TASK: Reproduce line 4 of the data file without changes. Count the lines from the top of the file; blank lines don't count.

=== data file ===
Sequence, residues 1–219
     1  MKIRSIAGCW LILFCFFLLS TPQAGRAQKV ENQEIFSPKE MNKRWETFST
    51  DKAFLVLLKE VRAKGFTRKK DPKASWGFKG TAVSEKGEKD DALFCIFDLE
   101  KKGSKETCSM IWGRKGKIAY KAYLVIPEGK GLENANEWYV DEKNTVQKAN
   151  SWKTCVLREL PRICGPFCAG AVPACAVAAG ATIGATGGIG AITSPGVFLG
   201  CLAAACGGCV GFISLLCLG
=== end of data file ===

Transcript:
   101  KKGSKETCSM IWGRKGKIAY KAYLVIPEGK GLENANEWYV DEKNTVQKAN